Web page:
Fix Perspective Terrorism

To Nairobi Student, The Westgate Mall Attack In Kenya Is ‘The Scariest Thing In The World’

Live as Though Today is the Last Day You Have

By Britta Fischer  
Junior Reporter
NAIROBI, Kenya – It’s hard to explain
what it feels like, what goes through your head, when a popular mall you visit
every weekend is under a terrorist attack.
The first thing that hits you is the
confusion, the why. Why are people doing this? Why is this happening? Why, why,
And then, it’s denial, the no. This
isn’t happening. People can’t be so terrible. This cannot have occurred in a place
I’ve walked, eaten, shopped. No, no, no.
After denial comes mourning, the how.
How are we meant to get though this? How should we handle it? How will we ever
move on? How, how, how?
Lastly, we get to acceptance, the
okay. Some achieve this faster than others, most take quite a while to come to
terms with the facts, the events, the losses.
Okay, we’re going to be okay. Those
people lost their lives, but we’ll get through this. We were so lucky, we’re
okay, we’re all right, and we’re alive.
Nuriana Merali

On Sept. 21 at 11:30 a.m., terrorists
from the Somalia-based group al-Shabab attacked people at the Westgate Mall in
Nairobi, killing at least 67 people, including 15-year-old Nuriana Merali, a
girl from my school, and her mom, Selima Merali.

That morning, I was supposed to have
breakfast at Artcaffe, a popular restaurant in the mall.
But my school had an event that
morning, a back to school picnic that started at noon. There were soccer games
going on around the same time, as well as a swim meet.
Almost the entire school population
was on campus. We’ve all been saying how grateful we are for having to attend a
school event on a Saturday, because if we hadn’t, my school could have had a
lot more tragedies than we did.
Besides Nuriana – whose
eight-year-old brother Alyaz was shot, but survived – another girl, in the same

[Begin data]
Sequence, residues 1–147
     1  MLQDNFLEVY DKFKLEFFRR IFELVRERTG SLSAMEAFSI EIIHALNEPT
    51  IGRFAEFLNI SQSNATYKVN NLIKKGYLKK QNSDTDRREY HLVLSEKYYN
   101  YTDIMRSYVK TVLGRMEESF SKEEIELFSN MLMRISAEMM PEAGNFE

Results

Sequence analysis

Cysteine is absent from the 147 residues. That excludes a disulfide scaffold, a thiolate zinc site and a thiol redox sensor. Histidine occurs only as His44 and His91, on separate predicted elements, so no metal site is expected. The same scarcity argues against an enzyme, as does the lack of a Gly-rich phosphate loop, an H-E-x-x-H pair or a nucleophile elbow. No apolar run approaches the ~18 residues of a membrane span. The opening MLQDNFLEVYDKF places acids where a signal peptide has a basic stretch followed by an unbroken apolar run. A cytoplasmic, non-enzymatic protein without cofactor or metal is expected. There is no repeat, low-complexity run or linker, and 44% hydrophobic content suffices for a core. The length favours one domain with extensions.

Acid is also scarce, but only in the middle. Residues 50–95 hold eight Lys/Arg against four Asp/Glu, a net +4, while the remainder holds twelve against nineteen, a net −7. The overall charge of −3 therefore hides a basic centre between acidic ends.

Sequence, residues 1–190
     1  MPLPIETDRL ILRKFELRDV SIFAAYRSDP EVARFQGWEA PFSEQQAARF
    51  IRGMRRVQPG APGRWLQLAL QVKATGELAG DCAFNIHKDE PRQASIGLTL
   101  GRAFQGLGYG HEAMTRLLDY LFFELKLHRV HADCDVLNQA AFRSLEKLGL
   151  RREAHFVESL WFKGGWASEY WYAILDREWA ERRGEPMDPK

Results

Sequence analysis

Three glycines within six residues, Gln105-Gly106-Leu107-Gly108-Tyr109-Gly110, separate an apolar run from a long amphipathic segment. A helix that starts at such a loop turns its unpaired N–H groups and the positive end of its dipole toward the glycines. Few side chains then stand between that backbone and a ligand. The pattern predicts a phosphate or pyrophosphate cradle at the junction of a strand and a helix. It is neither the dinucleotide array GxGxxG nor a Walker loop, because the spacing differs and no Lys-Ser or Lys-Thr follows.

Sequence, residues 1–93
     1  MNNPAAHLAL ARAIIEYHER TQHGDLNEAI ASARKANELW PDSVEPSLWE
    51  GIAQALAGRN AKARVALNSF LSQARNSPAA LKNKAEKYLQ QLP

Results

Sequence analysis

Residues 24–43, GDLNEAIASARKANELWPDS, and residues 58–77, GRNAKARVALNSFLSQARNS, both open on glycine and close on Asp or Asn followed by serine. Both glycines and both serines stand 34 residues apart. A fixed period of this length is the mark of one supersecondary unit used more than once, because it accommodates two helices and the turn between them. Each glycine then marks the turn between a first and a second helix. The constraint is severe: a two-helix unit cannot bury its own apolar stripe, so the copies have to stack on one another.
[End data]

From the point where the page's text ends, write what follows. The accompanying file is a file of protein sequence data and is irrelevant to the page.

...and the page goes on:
freshman class, was also shot in the arm. She was hospitalized, but is recovering
from her injuries.
I keep telling myself that this sort
of thing happens every day, all over the world. There have been school
shootings in the United States and bombs going off in Syria, but it’s not the
same thing.
When something like this happens
somewhere so familiar, it’s the scariest thing in the world. There have been
pictures all over the news with dead bodies lying in places I’ve walked, places
I’ve eaten, and places I’ve shopped.
Britta Fischer

I used to live my life as though
nothing would happen, as though I was untouchable. I went to go to school in
the morning and would not think about road mines, or AK-47s or terrorists
wiring up a building.

My hair, makeup, and clothes used to
be of the utmost importance. But then this happened, and I realized how fragile
human life is, how important it really is to live each day to the fullest.
I know it’s cheesy and cliché. I know
it’s something people say to make you enjoy the little things life has to
offer, but it’s the most accurate thing in the world.
I’m scared all the time. I can’t
sleep at night and eating makes me feel sick. Every morning when I get up and
go to school, I’m scared that there’s going to be a shooting.
I never used to think about dying,
but now, that’s all I do. I think about my family dying, my friends dying, me
dying. And it scares me, but it also makes me realize that life is so precious.
Nuriana, with whom I had personally
exchanged fun-filled conversations, tragically lost her life. She hadn’t even
started living yet. She has a family that will never be the same because she
was in the wrong place at the wrong time.
And I feel so incredibly terrible for
them, but it also makes me realize how lucky I was, how lucky I am. What if my
school wasn’t having the event that Saturday? What if I didn’t have to be there
to take shifts at different booths at the school picnic until later?
What if my schedule had allowed me to
go to Westgate for breakfast that morning? What if, what if, what if?
But those “what ifs” didn’t happen.
I wasn’t at Westgate that morning
because I had to take an early shift selling calendars and couldn’t go to
breakfast somewhere that far away, so I went to a restaurant that was closer to
my house. I wasn’t there that morning.
The attackers didn’t decide to shoot
up the mall the previous weekend, or the one before that, they decided on Sept.
21 during a school event that every single student at my school is now grateful
I wasn’t there. But others were, and
they will always be remembered.
Life is a gift – it really is.
Appreciate it. Hug your friends every day. Kiss your family members and tell
them one thing that you love about them every single day.


Live as though today is the last day
you have. Live with hopes and dreams. Live with ambition. But most of all, live
with love for the life you are blessed to be living.


  • Hello Britta,

    I'm Yasser from YJI. I'm sorry for your loss. I appreciate your feeling because we are facing the same terrorism in Egypt. We need to go through hard and tough times to be strong later. You should stay strong and hopeful until this nightmare pass.

    Greeting from Egypt.

  • Thank you very much for your sympathies. I'm sorry you're going through a hard time in Egypt. We think about you guys every day. Thanks for you support, it's very much appreciated 🙂